Peso slumps as Philippines makes surprise central bank governor pick


MANILA • Philippines President Rodrigo Duterte surprised central bank watchers by naming his budget secretary on Monday as governor of the monetary authority. The peso slumped the most in more than five years.

Benjamin Diokno (picture), 70, will succeed Nestor Espenilla, who died in February after a battle with cancer. The new Bangko Sentral ng Pilipinas governor will serve the remainder of his predecessor’s six-year term ending in mid-2023.

An advocate of robust state spending to spur growth when he was budget chief, Diokno is seen as favouring lower interest rates and a weaker currency. The peso was the worst performer of major Asian currencies yesterday, dropping 1% against the dollar, the biggest decline since August 2013.

Diokno, who hasn’t officially taken office yet, said he’ll focus on economic growth, inflation and the currency in his new role.

“The ultimate goal is sustainable growth under a regime of price stability,” Diokno said in a mobilephone response to a question. He declined to comment specifically on monetary policy.

Rate Cuts
Diokno’s appointment and data yesterday showing inflation returned to the central bank’s 2% to 4% target paves the way for rate cuts this year.

“He consistently communicated as budget secretary that his primary aim is to boost growth, keep the Philippines on a higher growth path and that high inflation is tolerable as long as the economy is growing,” said Manny Cruz, head of research at Papa Securities Corp in Manila.

“He will probably lean towards an interest-rate cut.”

Under Espenilla, the central bank raised interest rates by 175 basis points last year after inflation reached a nine-year high. Consumer price growth has steadily eased since then and reached 3.8% in February, lower than the 4% median estimate in a Bloomberg survey.

Deputy governor Diwa Guinigundo has been more cautious on monetary policy despite the slowdown in inflation, saying yesterday that it’s premature to talk about cutting interest rates or reducing the reserve ratio for banks.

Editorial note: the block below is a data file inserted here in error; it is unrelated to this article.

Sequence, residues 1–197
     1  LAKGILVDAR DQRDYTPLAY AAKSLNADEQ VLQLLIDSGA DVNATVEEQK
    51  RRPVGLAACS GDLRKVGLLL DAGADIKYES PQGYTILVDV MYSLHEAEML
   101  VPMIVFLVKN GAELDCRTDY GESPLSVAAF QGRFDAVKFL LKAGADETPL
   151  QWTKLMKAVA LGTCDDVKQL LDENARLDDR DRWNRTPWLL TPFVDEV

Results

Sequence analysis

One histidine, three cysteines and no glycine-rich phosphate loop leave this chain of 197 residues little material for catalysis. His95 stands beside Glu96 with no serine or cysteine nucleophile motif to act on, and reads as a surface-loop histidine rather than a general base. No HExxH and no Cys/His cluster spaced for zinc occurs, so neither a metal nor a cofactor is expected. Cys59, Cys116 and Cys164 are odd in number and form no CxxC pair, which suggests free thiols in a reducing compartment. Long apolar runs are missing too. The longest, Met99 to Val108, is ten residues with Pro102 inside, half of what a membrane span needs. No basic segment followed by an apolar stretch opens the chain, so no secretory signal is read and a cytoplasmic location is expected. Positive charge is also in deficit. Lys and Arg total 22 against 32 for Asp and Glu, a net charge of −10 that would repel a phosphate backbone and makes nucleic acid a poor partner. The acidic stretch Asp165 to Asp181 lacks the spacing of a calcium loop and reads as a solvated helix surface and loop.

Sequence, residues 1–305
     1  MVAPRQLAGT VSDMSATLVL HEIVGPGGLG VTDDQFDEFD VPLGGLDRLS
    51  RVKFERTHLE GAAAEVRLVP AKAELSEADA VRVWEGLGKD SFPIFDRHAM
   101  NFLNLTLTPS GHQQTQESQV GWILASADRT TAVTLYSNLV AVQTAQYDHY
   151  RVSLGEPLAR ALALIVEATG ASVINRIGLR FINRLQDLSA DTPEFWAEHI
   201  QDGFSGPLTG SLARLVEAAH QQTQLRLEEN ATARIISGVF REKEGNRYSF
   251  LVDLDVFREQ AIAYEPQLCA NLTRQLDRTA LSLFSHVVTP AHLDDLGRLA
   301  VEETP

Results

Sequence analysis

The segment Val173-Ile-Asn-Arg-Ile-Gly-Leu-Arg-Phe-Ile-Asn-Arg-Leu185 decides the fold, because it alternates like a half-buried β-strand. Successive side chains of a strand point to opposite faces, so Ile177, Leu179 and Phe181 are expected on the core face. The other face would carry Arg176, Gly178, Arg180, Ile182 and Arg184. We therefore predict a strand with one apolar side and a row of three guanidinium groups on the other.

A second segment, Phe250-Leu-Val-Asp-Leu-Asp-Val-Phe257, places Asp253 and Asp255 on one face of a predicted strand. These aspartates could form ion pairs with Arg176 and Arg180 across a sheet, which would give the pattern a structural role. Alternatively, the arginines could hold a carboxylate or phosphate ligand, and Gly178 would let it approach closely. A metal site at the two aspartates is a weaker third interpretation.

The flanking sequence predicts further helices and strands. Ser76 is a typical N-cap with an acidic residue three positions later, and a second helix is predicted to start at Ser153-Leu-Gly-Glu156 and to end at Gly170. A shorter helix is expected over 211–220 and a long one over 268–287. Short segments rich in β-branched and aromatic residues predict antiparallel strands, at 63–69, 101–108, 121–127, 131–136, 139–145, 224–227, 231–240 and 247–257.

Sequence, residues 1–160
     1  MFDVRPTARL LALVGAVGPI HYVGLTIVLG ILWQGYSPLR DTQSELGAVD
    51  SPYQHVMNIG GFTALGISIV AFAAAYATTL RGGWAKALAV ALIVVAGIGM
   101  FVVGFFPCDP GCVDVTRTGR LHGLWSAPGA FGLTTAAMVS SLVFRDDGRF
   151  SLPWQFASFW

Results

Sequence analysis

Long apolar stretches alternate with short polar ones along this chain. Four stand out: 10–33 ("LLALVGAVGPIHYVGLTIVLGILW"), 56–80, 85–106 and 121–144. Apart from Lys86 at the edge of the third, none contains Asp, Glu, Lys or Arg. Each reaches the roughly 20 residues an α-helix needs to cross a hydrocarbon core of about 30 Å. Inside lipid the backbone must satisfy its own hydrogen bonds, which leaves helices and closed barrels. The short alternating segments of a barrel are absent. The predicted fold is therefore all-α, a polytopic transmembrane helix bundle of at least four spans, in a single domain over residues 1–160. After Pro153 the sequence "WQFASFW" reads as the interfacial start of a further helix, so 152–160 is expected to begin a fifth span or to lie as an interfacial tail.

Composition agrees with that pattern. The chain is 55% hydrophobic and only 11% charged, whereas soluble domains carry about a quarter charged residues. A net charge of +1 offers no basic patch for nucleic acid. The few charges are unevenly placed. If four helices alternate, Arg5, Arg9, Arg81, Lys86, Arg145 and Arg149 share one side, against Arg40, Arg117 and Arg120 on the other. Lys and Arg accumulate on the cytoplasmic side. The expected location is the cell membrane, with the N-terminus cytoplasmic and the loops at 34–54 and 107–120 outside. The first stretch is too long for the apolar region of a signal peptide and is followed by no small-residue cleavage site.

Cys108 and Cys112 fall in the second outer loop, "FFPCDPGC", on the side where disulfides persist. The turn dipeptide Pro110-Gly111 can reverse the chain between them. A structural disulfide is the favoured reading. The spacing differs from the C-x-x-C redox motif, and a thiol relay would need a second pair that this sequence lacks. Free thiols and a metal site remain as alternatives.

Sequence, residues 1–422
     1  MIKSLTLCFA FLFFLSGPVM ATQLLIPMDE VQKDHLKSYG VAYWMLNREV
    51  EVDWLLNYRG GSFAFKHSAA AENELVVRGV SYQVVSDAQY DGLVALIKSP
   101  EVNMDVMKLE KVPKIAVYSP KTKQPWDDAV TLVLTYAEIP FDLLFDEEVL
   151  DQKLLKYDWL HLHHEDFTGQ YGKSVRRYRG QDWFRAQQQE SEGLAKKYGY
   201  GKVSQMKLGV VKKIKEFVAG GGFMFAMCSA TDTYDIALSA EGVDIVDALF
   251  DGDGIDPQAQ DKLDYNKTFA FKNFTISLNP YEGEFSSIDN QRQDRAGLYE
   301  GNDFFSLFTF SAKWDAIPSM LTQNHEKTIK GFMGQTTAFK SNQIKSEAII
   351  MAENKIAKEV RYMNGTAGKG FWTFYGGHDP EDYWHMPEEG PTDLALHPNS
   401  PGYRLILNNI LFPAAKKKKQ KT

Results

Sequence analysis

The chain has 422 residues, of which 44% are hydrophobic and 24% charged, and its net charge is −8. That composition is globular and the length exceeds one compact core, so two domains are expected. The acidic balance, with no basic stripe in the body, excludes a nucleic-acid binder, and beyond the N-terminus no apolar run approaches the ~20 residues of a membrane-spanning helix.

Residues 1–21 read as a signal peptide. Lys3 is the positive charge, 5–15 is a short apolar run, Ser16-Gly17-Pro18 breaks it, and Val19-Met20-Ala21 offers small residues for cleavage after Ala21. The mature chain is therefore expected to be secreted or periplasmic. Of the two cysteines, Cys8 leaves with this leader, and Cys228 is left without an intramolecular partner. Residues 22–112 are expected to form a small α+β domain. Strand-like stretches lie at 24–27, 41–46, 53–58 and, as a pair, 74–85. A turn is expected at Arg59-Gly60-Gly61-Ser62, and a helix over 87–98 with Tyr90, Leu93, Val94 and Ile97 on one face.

The central bank — which has kept the key rate unchanged at 4.75% at its last three meetings — is set to hold its next policy decision on March 21. Economic growth slowed to a three-year low in 2018.

Supporting Growth
Diokno’s “inclination will be towards policies that will support or enhance economic growth”, said Alan Atienza, treasurer at the Philippine Bank of Communications in Manila.

“We should see reserve and rate cuts this year that will support and fund government’s ballooning budget deficit.”

The peso fell 1% to 52.24 against the dollar at the close yesterday, while the Philippine stock index erased earlier gains to end the day almost 0.1% lower.

Diokno’s appointment was a surprise to central bank watchers, who had expected Duterte to name one of the three deputy governors, or possibly someone from the banking sector as governor.

An economics professor, Diokno was also budget secretary during the short term of President Joseph Estrada and undersecretary of that department during the time of then leader, Corazon Aquino.

In recent months, Diokno has been mired in a dispute with lawmakers from the House of Representatives over their share in the budget, which has delayed the passage of the 2019 spending plan.

Weak Peso
Diokno inherits a central bank with more capital, stronger powers and wider functions, including the ability to issue its own debt. His comments on the peso and his ability to uphold Bangko Sentral’s independence will be closely watched.

Last year when he was still budget secretary, Diokno consistently brushed aside concerns about a weak peso when the currency was among the worst performers in the region.

“We note that past statements from governor Diokno indicate his stance that a weak peso is not necessarily bad for the Philippines,” said Eugenia Victorino, head for Asia strategy at Skandinaviska Enskilda Banken AB in Singapore. “Whether this inclination will result in a change in tone of the central bank is worth watching.” — Bloomberg